Nebular Abundances of Fifteen Intermediate Luminosity Star-Forming Galaxies

Metal Abundances of KISS Galaxies. V. Nebular Abundances of Fifteen Intermediate Luminosity Star-Forming Galaxies

Abstract

We present high S/N spectroscopy of 15 emission-line galaxies (ELGs) cataloged in the KPNO International Spectroscopic Survey (KISS), selected for their possession of high equivalent width [O iii] lines. The primary goal of this study was to attempt to derive direct-method () abundances for use in constraining the upper-metallicity branch of the  relation. The spectra cover the full optical region from [O ii]3726,3729 to [S iii]9069,9531 and include the measurement of [O iii]4363 in 13 objects. From these spectra, we determine abundance ratios of helium, nitrogen, oxygen, neon, sulfur, and argon. We find these galaxies to predominantly possess oxygen abundances in the range of 8.0 12+log(O/H)  8.3. We present a comparison of direct-method abundances with empirical SEL techniques, revealing several discrepancies. We also present a comparison of direct-method oxygen abundance calculations using electron temperatures determined from emission lines of O and S, finding a small systematic shift to lower  (1184 K) and higher metallicity (0.14 dex) for sulfur-derived  compared to oxygen-derived . Finally, we explore in some detail the different spectral activity types of targets in our sample, including regular star-forming galaxies, those with suspected AGN contamination, and a local pair of low-metallicity, high-luminosity compact objects.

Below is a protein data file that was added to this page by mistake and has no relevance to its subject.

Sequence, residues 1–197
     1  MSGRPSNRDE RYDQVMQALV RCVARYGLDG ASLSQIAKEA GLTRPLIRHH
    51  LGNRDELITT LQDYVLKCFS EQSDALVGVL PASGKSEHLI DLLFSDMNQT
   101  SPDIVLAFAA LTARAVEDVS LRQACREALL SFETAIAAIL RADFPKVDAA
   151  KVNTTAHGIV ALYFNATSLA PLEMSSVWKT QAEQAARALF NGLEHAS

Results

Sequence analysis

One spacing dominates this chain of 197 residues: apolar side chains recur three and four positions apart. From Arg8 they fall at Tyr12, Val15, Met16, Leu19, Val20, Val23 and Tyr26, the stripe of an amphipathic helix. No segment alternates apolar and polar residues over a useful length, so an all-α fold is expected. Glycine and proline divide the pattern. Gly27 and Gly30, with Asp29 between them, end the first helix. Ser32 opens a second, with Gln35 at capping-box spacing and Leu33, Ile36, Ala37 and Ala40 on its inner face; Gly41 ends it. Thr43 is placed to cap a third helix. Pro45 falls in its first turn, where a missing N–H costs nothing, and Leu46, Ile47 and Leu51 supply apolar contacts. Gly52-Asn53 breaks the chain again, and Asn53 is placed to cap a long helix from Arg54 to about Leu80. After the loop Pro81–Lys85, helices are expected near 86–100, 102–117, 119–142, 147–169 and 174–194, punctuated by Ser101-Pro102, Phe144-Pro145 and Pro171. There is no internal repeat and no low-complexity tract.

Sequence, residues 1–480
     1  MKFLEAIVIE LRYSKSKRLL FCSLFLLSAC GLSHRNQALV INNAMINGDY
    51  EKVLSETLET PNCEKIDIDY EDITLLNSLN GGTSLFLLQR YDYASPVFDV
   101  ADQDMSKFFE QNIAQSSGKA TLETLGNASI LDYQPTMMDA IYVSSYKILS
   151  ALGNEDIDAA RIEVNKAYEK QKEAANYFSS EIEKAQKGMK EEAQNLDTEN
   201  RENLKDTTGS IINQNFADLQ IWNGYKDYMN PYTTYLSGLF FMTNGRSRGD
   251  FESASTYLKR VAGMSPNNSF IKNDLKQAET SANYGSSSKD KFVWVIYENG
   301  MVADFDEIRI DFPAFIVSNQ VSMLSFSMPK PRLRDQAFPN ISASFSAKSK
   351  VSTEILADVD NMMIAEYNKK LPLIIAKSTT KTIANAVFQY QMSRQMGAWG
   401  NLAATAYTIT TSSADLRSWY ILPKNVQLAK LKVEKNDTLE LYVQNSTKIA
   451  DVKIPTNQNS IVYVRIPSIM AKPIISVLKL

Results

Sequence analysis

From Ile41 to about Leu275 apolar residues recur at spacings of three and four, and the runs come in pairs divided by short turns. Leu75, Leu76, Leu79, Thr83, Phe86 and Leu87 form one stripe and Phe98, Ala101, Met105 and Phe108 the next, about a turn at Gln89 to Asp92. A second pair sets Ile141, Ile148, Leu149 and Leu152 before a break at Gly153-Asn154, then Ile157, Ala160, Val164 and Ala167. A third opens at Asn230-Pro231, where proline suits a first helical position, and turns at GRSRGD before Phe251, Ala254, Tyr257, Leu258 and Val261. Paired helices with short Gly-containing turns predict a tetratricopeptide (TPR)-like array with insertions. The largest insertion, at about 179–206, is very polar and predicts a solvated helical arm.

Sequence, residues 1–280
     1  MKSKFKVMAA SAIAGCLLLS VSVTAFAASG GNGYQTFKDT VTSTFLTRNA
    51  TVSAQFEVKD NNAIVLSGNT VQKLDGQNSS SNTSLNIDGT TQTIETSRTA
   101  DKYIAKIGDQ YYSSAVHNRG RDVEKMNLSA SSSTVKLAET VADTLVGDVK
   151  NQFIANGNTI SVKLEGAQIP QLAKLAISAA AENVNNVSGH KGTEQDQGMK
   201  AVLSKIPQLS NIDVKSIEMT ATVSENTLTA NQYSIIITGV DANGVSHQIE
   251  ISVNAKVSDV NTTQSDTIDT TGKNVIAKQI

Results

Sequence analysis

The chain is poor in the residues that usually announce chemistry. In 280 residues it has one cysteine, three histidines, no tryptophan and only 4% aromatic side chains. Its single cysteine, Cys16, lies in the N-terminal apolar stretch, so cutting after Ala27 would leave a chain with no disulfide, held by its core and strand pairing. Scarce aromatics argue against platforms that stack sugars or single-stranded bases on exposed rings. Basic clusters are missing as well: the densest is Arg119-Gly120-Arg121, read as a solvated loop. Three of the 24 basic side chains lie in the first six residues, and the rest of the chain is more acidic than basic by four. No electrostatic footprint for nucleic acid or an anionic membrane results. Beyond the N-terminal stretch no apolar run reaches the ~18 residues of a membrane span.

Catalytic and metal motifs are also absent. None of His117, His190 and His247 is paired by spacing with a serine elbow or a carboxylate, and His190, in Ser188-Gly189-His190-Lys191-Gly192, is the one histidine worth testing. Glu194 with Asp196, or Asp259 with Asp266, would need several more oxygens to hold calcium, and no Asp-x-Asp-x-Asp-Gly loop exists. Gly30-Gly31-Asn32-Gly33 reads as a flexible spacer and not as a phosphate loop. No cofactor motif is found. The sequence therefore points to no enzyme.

Subject headings:
galaxies: abundances – galaxies: starburst – H ii regions

1. Introduction

Analysis of emission-line spectra provides the principal diagnostic tools for determining gas-phase physical characteristics of star-forming galaxies. Heavy element abundances are valuable in the analysis of star formation histories (e.g., Kennicutt, 1998; Contini et al., 2002), chemical evolution (e.g., Steidel et al., 1996; Kobulnicky & Kewley, 2004; Lamareille et al., 2006), and general galactic evolution trends such as the luminosity-metallicity relation (e.g., Rubin et al., 1984; Lee et al., 2004; van Zee et al., 2006), and the mass-metallicity relation (e.g., Lequeux et al., 1979; Tremonti et al., 2004). Determination of this gas-phase property remains a difficult task for all but the most nearby and luminous H ii regions and emission-line galaxies (ELGs), and is intrinsically limited both by our ability to accurately measure intensity ratios of nebular emission lines and by our calibration of the conversion of observational data into abundance measurements.
Metallicities determined using the temperature of the electron gas (the so-called direct- or -method), considered to be the most accurate and robust available, are calculated using measurements of often exceedingly weak temperature-sensitive auroral emission lines such as [O iii]4363 (Osterbrock & Ferland, 2006). In computing the chemical composition of photoionized nebulae via the direct-method, the limiting factor is typically the measurement precision of the electron gas temperature. Furthermore, the emission strength of the temperature-sensitive auroral lines scales with increasing , and are thus preferentially detected in the hotter nebulae of low-abundance H ii regions and ELGs. Determination of the electron temperature for high-metallicity systems is therefore a difficult observational task. Reliable observations of high quality are thus relatively rare in the literature.